When it comes to music, oftentimes it takes several listens and many, many months to truly appreciate a song’s greatness. The same applies to the increasing disdain that results from ever-increasing spins of a terrible track.
Enter The Chainsmokers’ and Halsey’s “Closer." It’s a safe bet that the EDM duo, who play RodeoHouston on Sunday, will dub in Halsey’s vocals for what is unquestionably their biggest hit. Hell, it would be hard to argue against “Closer” being among the most popular tunes released in 2016, period. That, of course, does not make it a good song.
In fact, 2016 was littered with popular songs that won’t exactly stand the test of time. Seriously, do you think folks will be bumping “Stressed Out” or “Panda” a decade from now? Sure, artists like Drake and Rihanna can expect their careers to continue flourishing well into the future, but it’s a safe bet many of the biggest songs of a given year are produced by artists who won’t exactly maintain relevancy for years to come.
The Chainsmokers — or, more important, their biggest hit to date — make for an excellent example. Look, I get what “Closer” was going for. This was meant to be an anthem of sorts for millennials. It checks all the boxes. Tale of a broken relationship. Alcohol abuse. Random automobile hookups. Tattoos. A Blink-182 shout-out. It’s all there.
“Closer” was designed for twentysomethings to play at parties and various social gatherings while imagining and discussing a future in which they age in all the right ways (nicer homes, better jobs, attractive significant others) but not in other ways (slower metabolism, wrinkles, the usual setbacks the thirties often bring). Jesus, it’s right there in the lyrics…over and over again...“We are never getting older.” Yes, you will, and hopefully you will then realize how terrible this song truly is.
So let’s start from the beginning. “Closer” begins with the Chainsmokers’ Drew Taggart opining about a love gone wrong. He drinks too much, her friends were nice enough, but in the end, it just didn’t work out. For starters, Taggart begins with the line, “I was doing just fine before I met you.” This is almost never true, but rather, something damaged folks say in blaming an ex for their own problems. Again, “Closer,” like the audience it so desperately craves, is a very entitled track.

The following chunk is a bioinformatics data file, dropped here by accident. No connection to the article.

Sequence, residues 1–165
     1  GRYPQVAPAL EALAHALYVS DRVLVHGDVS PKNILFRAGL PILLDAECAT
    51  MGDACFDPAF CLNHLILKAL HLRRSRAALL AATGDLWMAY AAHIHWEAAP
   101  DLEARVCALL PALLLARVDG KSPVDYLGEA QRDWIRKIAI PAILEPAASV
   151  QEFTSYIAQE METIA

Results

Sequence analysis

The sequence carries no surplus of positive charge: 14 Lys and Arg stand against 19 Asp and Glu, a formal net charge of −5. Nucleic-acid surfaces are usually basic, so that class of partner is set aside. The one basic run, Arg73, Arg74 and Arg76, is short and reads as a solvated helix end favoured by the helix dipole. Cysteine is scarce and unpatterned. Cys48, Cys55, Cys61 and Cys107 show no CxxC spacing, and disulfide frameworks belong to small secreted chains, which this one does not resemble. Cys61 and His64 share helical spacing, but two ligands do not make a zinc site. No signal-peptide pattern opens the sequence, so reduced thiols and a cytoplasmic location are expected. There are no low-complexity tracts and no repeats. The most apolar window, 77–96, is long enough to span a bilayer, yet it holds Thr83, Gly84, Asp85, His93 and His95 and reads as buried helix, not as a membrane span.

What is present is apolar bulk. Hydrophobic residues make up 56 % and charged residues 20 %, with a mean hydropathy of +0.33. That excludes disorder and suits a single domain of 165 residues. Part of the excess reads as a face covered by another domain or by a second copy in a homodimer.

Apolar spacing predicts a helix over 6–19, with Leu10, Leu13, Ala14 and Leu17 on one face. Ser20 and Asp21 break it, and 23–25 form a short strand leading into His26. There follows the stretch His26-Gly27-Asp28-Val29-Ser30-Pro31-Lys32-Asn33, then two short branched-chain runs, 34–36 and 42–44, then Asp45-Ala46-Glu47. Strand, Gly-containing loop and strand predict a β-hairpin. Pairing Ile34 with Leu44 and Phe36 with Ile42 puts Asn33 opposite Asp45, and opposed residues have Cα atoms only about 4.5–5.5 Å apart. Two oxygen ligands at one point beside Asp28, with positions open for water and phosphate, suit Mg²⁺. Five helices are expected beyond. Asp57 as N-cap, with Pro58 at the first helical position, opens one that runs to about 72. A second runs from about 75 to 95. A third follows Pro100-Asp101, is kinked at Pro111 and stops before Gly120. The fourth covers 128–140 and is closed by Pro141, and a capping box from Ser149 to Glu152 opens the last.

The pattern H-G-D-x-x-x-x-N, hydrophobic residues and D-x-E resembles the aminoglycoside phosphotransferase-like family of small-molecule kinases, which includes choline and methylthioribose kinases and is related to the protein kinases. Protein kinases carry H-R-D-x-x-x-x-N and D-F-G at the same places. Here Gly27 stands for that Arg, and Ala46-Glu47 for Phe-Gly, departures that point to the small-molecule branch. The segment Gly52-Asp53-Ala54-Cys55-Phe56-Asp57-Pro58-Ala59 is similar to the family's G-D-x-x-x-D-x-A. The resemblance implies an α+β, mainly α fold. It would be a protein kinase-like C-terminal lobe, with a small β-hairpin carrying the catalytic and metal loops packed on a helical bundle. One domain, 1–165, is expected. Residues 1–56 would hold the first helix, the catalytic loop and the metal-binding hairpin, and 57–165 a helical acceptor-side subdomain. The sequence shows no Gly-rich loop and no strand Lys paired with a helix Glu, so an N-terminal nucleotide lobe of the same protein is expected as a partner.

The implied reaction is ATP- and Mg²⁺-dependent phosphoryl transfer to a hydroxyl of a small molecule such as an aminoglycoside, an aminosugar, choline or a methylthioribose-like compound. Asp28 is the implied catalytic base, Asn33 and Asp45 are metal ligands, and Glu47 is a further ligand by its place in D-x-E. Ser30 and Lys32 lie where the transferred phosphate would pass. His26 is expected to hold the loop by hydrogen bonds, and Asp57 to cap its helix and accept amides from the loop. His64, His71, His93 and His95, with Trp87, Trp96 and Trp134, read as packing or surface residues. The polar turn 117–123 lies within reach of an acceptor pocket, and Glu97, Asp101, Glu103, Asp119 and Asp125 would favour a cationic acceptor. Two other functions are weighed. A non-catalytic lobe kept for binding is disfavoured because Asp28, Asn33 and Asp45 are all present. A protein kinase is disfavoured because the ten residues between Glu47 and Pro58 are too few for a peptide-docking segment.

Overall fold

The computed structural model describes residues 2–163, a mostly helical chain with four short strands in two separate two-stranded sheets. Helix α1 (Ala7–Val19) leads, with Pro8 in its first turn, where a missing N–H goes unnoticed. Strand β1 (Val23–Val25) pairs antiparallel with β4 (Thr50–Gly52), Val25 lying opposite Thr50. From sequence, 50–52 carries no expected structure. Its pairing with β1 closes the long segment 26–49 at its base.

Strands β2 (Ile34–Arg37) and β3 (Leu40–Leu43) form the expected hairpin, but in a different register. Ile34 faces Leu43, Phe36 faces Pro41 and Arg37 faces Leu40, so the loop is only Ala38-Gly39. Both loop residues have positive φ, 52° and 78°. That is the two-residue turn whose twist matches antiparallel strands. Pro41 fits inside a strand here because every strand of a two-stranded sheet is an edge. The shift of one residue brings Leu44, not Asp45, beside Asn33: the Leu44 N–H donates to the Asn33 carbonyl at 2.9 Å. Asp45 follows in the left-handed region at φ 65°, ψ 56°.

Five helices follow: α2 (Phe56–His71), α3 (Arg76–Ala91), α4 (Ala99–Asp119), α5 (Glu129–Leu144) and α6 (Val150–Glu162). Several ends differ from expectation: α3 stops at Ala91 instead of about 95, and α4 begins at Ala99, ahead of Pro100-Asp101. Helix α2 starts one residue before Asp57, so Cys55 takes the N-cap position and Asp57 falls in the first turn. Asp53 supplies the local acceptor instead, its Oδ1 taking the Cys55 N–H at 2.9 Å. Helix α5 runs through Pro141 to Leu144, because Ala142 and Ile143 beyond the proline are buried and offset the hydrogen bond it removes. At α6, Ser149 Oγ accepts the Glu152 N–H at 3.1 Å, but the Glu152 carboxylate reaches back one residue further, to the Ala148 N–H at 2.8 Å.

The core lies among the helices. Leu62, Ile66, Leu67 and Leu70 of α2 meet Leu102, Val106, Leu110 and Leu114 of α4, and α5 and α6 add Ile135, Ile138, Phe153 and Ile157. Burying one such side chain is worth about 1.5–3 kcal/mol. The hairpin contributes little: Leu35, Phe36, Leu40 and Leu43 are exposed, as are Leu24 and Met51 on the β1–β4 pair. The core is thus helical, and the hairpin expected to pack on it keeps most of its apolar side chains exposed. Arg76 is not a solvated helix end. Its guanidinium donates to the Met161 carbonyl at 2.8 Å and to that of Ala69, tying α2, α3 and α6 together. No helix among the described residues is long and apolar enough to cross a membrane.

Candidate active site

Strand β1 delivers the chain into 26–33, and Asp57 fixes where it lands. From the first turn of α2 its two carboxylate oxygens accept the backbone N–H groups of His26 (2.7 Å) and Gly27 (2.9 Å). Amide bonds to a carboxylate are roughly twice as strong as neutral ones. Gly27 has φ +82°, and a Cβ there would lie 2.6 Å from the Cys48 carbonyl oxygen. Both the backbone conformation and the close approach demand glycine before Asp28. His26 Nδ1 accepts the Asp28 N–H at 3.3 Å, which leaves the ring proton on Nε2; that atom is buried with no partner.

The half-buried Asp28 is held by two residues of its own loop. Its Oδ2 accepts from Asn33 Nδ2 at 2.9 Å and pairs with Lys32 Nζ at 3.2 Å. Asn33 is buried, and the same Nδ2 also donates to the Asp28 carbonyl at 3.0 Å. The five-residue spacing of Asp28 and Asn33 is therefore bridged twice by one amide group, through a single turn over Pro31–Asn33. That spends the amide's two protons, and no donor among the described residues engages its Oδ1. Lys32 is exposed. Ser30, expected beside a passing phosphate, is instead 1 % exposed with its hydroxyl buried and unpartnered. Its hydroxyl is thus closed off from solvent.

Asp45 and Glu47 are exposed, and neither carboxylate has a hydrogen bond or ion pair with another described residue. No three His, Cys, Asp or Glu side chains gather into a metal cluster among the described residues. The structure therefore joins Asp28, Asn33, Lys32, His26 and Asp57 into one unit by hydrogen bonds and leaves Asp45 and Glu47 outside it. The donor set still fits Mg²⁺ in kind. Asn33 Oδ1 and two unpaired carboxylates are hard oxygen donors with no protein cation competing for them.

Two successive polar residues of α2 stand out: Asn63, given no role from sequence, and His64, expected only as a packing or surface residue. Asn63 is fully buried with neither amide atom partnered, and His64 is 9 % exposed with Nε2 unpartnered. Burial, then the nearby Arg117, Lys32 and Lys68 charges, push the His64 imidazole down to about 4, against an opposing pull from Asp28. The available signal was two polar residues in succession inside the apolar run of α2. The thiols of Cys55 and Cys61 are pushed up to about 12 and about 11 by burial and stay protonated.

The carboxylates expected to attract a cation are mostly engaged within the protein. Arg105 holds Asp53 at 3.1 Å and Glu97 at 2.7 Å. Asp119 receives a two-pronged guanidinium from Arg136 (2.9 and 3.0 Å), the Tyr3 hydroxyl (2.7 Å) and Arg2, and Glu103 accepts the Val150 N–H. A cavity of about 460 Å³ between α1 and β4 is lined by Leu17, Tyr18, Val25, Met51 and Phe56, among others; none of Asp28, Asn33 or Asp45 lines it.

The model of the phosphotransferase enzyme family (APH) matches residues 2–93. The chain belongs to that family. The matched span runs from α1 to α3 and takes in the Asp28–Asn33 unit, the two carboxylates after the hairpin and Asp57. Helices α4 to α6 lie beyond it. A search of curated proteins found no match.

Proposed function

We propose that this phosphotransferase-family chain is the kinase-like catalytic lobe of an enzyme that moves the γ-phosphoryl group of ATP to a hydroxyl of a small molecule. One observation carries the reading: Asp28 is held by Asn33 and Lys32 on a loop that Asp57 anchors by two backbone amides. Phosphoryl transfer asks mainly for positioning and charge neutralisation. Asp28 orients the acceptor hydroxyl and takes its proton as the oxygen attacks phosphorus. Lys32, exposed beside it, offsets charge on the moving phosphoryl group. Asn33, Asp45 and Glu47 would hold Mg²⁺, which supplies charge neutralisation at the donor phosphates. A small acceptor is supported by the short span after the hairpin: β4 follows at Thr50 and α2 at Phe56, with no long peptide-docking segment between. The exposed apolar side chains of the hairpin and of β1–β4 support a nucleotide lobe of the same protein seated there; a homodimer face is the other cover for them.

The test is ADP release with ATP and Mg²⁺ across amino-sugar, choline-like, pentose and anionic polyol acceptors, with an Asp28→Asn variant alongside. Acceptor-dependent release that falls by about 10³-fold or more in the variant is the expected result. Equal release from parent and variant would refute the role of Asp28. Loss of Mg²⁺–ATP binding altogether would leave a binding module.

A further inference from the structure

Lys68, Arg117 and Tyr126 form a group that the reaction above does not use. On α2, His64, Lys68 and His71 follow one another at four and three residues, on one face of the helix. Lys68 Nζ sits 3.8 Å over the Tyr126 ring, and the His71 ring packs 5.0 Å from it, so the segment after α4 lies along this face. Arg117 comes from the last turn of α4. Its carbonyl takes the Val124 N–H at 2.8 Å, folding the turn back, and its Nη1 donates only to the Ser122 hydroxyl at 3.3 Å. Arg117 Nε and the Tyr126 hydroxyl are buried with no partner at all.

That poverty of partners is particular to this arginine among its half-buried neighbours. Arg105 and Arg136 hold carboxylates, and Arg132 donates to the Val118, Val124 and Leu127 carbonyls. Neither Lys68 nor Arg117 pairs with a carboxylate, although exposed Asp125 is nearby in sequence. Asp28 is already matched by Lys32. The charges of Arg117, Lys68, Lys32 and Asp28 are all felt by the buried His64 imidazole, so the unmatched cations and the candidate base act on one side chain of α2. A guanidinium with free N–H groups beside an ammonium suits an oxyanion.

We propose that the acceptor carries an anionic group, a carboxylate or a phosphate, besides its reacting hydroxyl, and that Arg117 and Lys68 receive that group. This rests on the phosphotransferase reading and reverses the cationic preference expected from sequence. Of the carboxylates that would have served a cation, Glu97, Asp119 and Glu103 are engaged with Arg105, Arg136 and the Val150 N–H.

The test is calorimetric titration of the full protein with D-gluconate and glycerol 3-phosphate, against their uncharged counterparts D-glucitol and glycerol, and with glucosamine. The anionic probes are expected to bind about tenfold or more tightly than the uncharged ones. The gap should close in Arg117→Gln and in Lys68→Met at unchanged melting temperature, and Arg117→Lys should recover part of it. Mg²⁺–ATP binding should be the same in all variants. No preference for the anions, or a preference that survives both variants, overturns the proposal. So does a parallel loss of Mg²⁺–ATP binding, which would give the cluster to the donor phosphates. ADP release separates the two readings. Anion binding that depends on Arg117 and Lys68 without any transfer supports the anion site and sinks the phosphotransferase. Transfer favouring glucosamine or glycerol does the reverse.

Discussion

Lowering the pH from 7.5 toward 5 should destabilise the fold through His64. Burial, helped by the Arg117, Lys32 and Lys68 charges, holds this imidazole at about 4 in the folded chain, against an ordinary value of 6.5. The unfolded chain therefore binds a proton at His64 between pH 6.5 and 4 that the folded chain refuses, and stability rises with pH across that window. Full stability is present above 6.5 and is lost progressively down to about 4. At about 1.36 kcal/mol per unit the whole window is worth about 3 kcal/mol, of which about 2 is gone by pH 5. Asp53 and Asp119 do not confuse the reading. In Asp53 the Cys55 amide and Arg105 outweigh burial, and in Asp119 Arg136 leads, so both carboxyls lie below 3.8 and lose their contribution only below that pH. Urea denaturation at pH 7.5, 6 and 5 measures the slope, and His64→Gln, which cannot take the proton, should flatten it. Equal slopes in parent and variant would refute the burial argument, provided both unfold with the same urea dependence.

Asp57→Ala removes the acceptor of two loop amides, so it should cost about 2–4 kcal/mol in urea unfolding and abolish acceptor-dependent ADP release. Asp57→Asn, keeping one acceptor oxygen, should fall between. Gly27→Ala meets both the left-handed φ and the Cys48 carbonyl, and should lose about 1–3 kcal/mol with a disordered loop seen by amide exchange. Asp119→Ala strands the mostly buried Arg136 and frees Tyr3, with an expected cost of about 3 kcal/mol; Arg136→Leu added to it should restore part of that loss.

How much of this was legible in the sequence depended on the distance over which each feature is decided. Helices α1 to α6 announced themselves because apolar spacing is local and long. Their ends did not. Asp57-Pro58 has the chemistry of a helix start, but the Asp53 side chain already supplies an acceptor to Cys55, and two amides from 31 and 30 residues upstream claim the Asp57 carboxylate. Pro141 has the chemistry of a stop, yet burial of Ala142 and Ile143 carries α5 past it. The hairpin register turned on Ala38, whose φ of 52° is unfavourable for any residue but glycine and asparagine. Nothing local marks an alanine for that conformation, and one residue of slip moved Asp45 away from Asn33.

From there, dude moves away and the couple parts ways for good. Four years later, they randomly bump into one another in some hotel bar. She looks great, he gets nostalgic and wonders why the two ever parted way in the first place (probably because he drinks too much and she deserved better, but I digress). A hookup takes place, he begs her to stick around and bump that Blink-182 song from back in the day — which was later confirmed to be “Feeling This,” from the band’s self-titled 2003 record (which is great, btw). Apparently, they beat the song “to death” in Tucson, which I’m pretty sure only happened because the city kinda rhymes with “song.”
It’s rinse, lather, repeat from then on as the duo spins the chorus a few more times, mostly because the song really doesn’t have much else to say. To top it off, the duo allegedly stole the melody from The Fray’s “Over My Head (Cable Car),” a song that – as “Closer” will one day be regarded – is very much of its time.
The Chainsmokers and Halsey hit the awards-show circuit in support of the song, one sexually charged but empty performance after another. They released a sappy lyrical video, only to follow that up months later with a video just as saccharine as the song from which it spawned. Funny thing is, it all worked! The song shot to No. 1 and became the unofficial anthem of fall 2016. Hell, the Chainsmokers – along with country pretty boy Sam Hunt – headlined a gig at Club Nomadic during Super Bowl weekend in February. Tickets went for upwards of $100 a pop, and yes, people shelled out for it.
Point being, success isn’t always akin to quality, nor is it a surefire signifier of longevity. And, as the Chainsmokers will no doubt learn once their run in the sun ends and some other flavor of the month takes their place, tastes and audiences evolve. People move on. Whether the duo wants to admit it or not, we’re all getting older.
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